I obviously didn’t see the Omicron variant coming up nor did I believe it would turn the world upside down once again. Amazing opportunities got canceled. I had to push releases back. I had to deal with the horror of having more friends take their lives. And just like that, I sort of collapsed. The signs of an upcoming physical crash were already there, but the mental disruption that came thereafter was even more detrimental to me as I now had to face an emotional breakdown. It was serious, but I nonetheless kept on going for a while… Until I wasn’t able to look much further than my health condition would allow me to. Burnout, momentary depression, or mental exhaustion… Whatever it was, it sounded like someone else’s problem, not mine. How could it be? I lived my life on a New York minute. There was no time to waste, I was too busy for that nonsense. My content schedule wouldn’t wait for some headaches and dizziness - or so I wanted to convince myself. Until I wasn’t able to get out of bed. And that was it. It wasn’t about me willingly deciding to take a break anymore. It was me being broken and having to deal with the reality of being too damaged to stand… Beyond repair.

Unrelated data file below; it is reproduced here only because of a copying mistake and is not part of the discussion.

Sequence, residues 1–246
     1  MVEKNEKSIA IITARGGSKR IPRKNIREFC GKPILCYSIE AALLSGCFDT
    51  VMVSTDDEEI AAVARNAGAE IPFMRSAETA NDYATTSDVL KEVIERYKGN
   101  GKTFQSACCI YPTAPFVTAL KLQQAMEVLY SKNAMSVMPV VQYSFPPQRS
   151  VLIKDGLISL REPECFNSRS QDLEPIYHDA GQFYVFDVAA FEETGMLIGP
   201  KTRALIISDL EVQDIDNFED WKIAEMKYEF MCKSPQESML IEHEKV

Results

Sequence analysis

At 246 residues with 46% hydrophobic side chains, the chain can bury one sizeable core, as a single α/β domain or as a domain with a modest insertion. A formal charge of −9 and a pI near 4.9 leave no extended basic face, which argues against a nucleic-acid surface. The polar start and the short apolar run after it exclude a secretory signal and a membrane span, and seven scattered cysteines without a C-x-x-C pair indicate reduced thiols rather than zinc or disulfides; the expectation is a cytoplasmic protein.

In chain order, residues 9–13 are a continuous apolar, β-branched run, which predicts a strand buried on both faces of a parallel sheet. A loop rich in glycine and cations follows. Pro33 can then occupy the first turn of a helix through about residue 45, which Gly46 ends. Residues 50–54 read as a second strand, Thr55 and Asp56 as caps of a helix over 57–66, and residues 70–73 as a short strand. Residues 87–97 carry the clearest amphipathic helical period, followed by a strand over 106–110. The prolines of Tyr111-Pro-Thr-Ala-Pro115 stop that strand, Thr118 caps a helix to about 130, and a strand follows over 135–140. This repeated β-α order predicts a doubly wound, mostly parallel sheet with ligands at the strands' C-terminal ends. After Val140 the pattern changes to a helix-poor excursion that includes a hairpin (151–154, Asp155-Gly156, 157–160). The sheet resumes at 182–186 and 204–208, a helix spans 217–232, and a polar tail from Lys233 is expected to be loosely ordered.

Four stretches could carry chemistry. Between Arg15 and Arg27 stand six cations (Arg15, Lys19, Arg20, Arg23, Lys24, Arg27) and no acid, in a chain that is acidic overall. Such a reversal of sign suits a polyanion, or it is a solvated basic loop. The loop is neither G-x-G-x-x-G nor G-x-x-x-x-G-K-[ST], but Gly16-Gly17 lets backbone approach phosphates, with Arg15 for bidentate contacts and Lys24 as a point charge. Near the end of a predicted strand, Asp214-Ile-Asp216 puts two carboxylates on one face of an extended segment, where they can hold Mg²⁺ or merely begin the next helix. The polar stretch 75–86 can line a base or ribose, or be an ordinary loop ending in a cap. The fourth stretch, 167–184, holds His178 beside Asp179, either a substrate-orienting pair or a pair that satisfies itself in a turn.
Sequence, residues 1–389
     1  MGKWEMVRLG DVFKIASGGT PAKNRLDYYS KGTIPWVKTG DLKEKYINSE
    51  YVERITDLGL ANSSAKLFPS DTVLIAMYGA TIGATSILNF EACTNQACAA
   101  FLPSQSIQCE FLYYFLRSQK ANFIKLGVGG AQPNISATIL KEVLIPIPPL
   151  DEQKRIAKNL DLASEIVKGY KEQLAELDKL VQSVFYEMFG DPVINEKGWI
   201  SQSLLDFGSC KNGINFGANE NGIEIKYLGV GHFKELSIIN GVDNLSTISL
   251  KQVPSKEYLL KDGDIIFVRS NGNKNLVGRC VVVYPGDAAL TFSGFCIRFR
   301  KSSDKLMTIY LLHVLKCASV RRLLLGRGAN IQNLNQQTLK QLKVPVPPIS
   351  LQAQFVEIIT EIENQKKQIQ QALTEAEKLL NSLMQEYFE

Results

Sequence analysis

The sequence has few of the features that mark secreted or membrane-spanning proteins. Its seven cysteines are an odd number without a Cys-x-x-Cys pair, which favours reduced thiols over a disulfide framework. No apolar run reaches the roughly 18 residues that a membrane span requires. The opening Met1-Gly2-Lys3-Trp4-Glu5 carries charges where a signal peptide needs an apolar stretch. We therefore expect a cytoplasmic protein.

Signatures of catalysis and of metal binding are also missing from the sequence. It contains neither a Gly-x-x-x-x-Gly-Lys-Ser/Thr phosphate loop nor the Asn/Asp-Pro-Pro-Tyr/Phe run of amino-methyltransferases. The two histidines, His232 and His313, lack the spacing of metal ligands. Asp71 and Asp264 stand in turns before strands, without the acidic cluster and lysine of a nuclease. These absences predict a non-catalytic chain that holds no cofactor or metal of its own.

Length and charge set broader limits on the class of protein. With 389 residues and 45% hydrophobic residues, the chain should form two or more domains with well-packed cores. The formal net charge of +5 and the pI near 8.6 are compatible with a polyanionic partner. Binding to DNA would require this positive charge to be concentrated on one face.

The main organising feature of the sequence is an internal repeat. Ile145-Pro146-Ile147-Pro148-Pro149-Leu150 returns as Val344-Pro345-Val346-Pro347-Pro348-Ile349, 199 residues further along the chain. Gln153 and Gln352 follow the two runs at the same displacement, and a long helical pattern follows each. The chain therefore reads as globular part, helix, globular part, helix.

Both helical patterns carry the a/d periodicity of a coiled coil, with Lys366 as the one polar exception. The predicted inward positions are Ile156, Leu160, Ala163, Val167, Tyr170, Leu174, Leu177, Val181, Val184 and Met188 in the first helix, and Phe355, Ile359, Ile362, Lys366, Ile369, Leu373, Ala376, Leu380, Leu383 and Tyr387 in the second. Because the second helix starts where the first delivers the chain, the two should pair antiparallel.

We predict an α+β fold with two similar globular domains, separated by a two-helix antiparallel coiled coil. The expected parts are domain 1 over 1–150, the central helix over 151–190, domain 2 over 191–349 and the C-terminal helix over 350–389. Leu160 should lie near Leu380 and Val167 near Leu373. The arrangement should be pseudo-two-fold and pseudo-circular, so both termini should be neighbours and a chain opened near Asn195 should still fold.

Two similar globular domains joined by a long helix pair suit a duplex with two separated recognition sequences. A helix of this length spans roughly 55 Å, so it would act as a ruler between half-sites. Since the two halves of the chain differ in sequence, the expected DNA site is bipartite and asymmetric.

It was incredibly difficult for me to accept that I had reached that point, that I had pushed too hard and for too long. I was in complete denial, frustrated, angry, bitter. I had to let it go. The future wasn’t a concern anymore, as every day became a battle against sorrows, sadness, and a profound sensation of failure. Days became weeks. And if I refused to see the reality of my condition at first, I made the best of it when I did. I slowly transitioned from “doing” to “being”. What was to me a way-too-long physical and mental resting period led me to reconnect with the fundamental passion I had for music and arts, allowed me to get back in touch with people I never took the time to even send an occasional text message to before. I joined online support groups and ultimately decided to write handwritten letters, to send postcards. I wrote a few blogs about mental exhaustion, about being damaged. And if it looks like it took an eternity for me to accomplish it all, every tiny step was an immense victory towards recovery, if there is ever one for such affective issues. My health became the most important project of all. It was slow but steady. The most challenging elements remained being truly at peace with declining offers that wouldn’t be beneficial for my inner reconstruction and emotional restoration. It wasn’t about the fear of missing out, it was about being happy to choose me over anything else. And that is still a work in progress…